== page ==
The teller has to stop herself from laughing while she stalls Doc long enough for the police to get there. The police have a hard time too. No one has ever tried to rob a bank through the drive up because it is just so lame.

The bank captures the entire ridiculous scene on video. It’s an open and shut case.

Until it isn’t.

Poor Dylan is in the passenger seat of the van while Doc pulls his crazy stunt. When the cops enter the scene, Dylan exits, and a citywide manhunt ensues.

Doc ends up in Municipal Detention. Of course he does, he’s so high that he gives up Dylan’s name to the cops before he can manage to calm down and make a deal.

While Doc experiences the joys of the correctional system and waits for his trial, Dylan is on the run. Every place he goes, and every friend he looks up, just lands him and them in more and more trouble.

The only person who seems to be on Dylan’s side is a crazy Goth chick who gets turned on by all the violence that follows in Dylan’s hapless wake. As Dylan gets beaten and beaten up on all sides, together they cook up a foolish plan for her to honk off her hated stepfather by robbing the guy who pays her bills and helping Dylan spring Doc.

After all of Dylan’s incredibly hellacious bad luck, he finally gets just one thing right. It’s a hell of a ride.

duke city split by steve brewerEscape Rating B-: I didn’t like this one nearly as much as the first book in the series, Duke City Split. While Dylan just seems like someone who, if it wasn’t for bad luck, wouldn’t have any at all, the amount of chaos he manages to accidentally stir up strains the bounds of even fictional disbelief.

Neither Dylan nor Doc is evil, just hapless, hopeless and more than a bit lazy. Crime seems to be their easy way out, and they’re not particularly good at it. Right up until Doc turns spectacularly bad at it.

There doesn’t seem to be much in the way of motive or motivation for either of them, until Dylan finds himself on the run for something he not only didn’t do but actively argued against. He’s afraid to turn himself in because he’s sure, and undoubtedly correct, that the cops will find something to charge him with.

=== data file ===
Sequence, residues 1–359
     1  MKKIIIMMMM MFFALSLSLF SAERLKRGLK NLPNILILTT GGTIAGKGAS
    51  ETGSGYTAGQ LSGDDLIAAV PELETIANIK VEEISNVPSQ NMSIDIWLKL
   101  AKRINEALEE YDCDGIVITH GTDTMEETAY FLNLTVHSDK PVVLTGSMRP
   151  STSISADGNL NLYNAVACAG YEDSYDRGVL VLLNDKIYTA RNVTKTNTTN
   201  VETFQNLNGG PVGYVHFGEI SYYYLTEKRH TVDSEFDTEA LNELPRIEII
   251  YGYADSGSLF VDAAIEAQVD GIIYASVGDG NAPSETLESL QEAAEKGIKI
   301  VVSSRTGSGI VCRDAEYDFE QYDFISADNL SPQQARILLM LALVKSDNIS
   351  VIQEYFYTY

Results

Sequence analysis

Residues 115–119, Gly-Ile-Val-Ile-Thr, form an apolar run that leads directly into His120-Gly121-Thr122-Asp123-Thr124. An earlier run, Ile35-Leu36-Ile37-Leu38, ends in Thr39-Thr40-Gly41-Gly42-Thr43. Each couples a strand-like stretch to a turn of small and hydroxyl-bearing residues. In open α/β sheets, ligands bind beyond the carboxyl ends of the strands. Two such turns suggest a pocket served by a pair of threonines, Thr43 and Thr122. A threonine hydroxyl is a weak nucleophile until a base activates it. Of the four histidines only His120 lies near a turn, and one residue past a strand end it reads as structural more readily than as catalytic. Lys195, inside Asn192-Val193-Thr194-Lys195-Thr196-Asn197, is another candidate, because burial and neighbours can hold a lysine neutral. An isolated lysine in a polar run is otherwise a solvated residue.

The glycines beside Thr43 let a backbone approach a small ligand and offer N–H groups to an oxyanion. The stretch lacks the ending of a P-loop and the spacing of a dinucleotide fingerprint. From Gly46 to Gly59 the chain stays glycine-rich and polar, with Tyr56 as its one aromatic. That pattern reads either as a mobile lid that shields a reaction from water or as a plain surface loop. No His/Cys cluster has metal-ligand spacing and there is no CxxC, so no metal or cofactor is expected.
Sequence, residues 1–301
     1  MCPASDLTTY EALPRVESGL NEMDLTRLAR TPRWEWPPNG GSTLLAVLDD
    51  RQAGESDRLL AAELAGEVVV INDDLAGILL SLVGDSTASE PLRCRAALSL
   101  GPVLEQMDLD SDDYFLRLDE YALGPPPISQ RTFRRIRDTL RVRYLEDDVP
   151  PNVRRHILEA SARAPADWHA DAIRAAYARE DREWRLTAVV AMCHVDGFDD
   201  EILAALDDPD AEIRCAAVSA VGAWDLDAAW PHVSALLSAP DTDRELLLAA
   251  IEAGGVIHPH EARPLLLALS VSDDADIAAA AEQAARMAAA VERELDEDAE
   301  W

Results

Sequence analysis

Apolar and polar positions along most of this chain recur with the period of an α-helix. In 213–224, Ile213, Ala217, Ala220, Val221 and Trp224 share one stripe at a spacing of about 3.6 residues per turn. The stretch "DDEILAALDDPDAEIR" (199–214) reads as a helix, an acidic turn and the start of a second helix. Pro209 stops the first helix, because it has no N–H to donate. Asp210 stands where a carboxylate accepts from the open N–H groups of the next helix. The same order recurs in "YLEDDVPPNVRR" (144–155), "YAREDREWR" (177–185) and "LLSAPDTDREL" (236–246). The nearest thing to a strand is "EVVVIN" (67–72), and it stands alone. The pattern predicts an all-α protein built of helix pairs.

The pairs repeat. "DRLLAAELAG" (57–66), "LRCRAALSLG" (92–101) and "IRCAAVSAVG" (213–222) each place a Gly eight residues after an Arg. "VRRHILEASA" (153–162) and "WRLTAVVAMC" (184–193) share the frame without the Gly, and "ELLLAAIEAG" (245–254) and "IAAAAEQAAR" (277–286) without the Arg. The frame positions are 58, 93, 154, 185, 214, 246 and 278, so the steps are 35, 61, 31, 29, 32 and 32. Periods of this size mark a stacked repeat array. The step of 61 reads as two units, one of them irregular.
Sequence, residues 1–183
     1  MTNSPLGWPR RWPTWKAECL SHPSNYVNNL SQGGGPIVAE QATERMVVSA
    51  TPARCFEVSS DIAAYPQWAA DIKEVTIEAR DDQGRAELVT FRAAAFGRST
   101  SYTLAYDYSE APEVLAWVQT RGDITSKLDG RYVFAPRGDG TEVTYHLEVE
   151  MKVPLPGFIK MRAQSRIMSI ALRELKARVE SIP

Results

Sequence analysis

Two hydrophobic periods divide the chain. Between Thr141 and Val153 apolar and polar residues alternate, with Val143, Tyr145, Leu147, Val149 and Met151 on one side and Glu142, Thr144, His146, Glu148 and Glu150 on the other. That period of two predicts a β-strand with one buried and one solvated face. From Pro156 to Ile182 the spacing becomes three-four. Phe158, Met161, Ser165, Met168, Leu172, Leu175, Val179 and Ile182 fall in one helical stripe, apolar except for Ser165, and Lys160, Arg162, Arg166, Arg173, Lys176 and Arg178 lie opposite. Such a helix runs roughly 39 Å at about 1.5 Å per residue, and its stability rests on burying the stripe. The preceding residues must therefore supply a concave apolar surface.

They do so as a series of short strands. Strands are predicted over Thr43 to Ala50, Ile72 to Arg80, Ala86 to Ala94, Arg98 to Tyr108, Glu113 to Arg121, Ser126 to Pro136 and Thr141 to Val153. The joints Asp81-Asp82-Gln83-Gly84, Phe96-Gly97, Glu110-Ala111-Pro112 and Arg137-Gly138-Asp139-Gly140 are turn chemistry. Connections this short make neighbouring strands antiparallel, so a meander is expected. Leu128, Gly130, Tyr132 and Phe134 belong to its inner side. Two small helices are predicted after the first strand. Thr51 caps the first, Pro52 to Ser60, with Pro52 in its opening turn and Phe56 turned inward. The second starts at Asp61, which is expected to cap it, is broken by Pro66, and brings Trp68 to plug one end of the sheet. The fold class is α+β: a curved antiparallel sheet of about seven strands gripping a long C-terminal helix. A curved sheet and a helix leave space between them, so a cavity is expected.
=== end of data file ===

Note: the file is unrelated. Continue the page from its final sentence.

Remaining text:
The wild and crazy stuff gets stirred up as Dylan starts looking for a friend to take him in and help him out. He manages to rile his ex-girlfriend’s insane new boyfriend, setting off multiple chases through the city, as the angry little man chases Dylan, the cops chase Dylan, and the ex-girlfriend gets her sister to chase the abusive new boyfriend. The Keystone Cops would feel right at home.

The Goth chick turns out to be the big surprise. At first she just seems part of the weird, but the more she talks about the hate-on she has for her stepfather, the more the reader starts to wonder. The surprise at the end of that particular plot string was a real shocker.

Duke City Desperado is a madcap cops and robbers chase across Albuquerque where you find yourself wanting the bad guys to ride off into the sunset – in their stolen Audi. You’re left wondering if the FBI has an even less prestigious post for those two agents, because if they do, they’re definitely going to be assigned there. Probably somewhere in Alaska. Like maybe Barrow.

Nobody should have luck that bad.


***FTC Disclaimer: Most books reviewed on this site have been provided free of charge by the publisher, author or publicist. Some books we have purchased with our own money or borrowed from a public library and will be noted as such. Any links to places to purchase books are provided as a convenience, and do not serve as an endorsement by this blog. All reviews are the true and honest opinion of the blogger reviewing the book. The method of acquiring the book does not have a bearing on the content of the review.